White House announces updates from tech companies to combat violent extremism
YouTube, Twitch, Microsoft and Meta launched updates aimed at combating violent extremism online, the White House announced Thursday as part of a summit to counter hate-fueled violence.
The updates come after pressure from the Biden administration and Democrats in Congress and state offices on tech platforms to revamp their policies to address online hate, especially after mass shootings in Buffalo, N.Y., and Uvalde, Texas.
YouTube will expand its policies by removing content glorifying violent acts for the purpose of inspiring others to commit harm, even if the creator of that content is not related to a designated terrorist group, according to the White House announcement.
The Google-owned video platform will also launch an educational media literacy campaign aimed at assisting young users in identifying manipulation tactics to spread misinformation. The campaign will launch first in the U.S. and expand to other countries.
Twitch, an Amazon-owned livestreaming platform, will launch a tool this year that “empowers its streamers and their communities to help counter hate and harassment and further individualize the safety experience of their channels.” The announcement did not expand on the specific details of the new tool for Twitch users.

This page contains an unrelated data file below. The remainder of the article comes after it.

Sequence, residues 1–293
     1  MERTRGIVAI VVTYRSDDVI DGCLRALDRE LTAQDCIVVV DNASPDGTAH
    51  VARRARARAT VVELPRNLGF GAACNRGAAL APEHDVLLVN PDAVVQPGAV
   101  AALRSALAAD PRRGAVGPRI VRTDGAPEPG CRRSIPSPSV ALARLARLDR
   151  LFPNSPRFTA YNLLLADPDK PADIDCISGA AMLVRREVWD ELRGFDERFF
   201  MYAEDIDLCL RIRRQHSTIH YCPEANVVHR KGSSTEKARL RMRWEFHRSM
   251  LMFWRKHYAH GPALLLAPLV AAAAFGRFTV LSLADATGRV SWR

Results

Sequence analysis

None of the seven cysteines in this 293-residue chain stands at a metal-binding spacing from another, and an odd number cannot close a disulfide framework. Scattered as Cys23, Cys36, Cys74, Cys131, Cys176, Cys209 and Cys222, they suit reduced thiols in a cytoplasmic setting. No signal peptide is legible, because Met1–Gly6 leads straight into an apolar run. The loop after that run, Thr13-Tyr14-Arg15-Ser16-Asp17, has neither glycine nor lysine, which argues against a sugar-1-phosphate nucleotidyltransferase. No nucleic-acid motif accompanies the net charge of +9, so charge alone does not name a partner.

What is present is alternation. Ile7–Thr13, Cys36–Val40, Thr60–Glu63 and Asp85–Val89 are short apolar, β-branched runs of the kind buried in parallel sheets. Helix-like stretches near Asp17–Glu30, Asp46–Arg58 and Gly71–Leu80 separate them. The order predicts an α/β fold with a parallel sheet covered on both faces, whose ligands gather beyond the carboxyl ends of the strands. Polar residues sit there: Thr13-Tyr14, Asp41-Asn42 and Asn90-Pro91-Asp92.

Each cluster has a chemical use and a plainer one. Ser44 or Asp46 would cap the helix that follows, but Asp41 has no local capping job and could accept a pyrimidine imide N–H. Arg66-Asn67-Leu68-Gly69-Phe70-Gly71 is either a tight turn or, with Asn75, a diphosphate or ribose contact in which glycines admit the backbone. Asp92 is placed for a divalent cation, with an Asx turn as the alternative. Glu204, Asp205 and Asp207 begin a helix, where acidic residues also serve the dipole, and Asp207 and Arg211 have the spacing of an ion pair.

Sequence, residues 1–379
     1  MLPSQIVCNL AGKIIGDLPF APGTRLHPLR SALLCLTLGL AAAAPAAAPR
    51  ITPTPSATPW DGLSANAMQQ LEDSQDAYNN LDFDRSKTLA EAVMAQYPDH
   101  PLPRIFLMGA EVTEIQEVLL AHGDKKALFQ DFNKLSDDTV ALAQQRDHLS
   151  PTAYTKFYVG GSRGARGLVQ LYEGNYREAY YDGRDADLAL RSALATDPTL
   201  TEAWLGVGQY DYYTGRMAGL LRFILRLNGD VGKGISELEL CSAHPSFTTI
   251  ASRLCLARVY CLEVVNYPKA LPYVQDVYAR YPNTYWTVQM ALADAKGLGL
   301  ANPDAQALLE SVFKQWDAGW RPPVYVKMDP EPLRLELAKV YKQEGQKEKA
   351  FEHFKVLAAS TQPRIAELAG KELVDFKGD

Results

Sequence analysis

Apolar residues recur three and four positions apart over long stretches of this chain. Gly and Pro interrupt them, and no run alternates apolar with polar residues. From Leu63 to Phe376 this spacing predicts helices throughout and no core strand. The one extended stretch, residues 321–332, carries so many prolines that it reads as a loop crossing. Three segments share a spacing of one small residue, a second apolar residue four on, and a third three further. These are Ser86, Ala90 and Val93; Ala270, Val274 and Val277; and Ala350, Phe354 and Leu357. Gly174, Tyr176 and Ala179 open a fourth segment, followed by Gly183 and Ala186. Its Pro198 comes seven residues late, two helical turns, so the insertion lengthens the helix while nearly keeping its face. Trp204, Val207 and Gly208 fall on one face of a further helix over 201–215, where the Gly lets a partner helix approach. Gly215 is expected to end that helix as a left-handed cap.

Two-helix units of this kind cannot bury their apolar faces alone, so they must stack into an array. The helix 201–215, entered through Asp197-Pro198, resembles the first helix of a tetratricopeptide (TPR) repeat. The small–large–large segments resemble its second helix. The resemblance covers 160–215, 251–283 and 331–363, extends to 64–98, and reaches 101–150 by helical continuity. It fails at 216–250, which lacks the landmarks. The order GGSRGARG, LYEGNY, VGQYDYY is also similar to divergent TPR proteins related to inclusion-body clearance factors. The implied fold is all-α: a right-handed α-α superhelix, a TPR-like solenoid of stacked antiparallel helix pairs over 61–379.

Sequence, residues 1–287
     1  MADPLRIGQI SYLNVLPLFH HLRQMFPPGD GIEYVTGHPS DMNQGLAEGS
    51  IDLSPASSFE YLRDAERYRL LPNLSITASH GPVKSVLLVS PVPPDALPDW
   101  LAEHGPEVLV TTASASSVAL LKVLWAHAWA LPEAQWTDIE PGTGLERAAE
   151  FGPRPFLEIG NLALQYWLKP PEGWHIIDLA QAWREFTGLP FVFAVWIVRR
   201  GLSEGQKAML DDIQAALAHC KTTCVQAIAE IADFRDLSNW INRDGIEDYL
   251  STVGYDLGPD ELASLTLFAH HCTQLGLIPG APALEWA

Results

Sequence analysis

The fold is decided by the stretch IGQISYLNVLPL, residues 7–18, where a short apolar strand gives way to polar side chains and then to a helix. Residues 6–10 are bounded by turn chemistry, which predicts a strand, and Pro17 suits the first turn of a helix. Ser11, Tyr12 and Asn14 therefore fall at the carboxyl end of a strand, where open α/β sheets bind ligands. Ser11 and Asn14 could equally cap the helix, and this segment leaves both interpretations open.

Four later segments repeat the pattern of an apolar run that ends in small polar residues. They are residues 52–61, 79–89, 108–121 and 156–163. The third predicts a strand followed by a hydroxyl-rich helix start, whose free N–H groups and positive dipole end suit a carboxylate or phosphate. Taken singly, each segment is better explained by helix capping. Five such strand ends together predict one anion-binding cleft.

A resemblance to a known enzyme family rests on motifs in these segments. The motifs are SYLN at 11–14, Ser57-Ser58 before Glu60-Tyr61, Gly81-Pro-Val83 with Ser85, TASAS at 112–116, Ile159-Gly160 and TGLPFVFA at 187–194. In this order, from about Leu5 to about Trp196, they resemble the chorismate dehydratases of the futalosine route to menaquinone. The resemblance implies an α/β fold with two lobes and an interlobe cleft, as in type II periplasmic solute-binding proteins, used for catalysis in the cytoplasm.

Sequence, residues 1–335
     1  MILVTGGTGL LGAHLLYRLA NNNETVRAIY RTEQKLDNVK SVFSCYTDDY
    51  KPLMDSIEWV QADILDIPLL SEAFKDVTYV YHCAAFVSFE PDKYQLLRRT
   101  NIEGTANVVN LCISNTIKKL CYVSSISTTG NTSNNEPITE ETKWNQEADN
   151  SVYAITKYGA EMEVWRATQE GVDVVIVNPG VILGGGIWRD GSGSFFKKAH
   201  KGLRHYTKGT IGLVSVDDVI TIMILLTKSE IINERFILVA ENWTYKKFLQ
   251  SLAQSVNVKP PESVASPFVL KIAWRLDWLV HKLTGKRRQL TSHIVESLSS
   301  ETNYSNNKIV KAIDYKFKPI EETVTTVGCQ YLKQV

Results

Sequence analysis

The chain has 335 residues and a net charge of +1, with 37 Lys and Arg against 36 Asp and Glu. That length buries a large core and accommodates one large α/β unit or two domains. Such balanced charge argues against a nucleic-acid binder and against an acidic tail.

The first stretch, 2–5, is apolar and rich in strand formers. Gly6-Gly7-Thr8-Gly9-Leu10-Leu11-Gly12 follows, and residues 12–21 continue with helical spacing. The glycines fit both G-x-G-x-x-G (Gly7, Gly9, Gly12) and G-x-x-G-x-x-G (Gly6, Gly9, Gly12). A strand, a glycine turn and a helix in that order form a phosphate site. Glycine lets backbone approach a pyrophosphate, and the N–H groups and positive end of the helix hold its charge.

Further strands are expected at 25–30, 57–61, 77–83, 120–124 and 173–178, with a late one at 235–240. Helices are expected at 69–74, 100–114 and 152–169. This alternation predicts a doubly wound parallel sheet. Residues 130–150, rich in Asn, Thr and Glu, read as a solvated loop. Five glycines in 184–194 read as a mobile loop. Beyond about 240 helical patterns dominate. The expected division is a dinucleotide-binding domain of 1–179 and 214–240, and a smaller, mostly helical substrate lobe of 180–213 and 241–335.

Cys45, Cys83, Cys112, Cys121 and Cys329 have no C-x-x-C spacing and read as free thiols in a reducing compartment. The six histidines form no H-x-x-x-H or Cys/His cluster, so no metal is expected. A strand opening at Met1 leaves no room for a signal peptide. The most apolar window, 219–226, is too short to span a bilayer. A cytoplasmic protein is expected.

Microsoft will make a “basic, more affordable version” of its artificial intelligence and machine learning tools to detect credible threats of violence available to schools and smaller organizations.
The tech company will also develop a new experience on the popular Minecraft game called “Education Edition” that aims to help students, families and educators build a “safer online and offline world through respect, empathy, trust and safety.”
Meta, the parent company of Facebook, will partner with the Center on Terrorism, Extremism, and Counterterrorism at the Middlebury Institute of International Studies on research to analyze trends in violent extremism and tools that help communities combat it.
Tech companies have been under increasing scrutiny over the role they play in amplifying hate speech.
The day before the White House summit, the Senate Homeland Security and Governmental Affairs Committee questioned current and former social media employees about their platforms’ safety policies.
The summit also comes a week after the White House released a set of core principles for reform aimed at enhancing competition and tech accountability.
The principles included calls for increasing transparency about algorithms and stopping discriminatory algorithmic decisionmaking.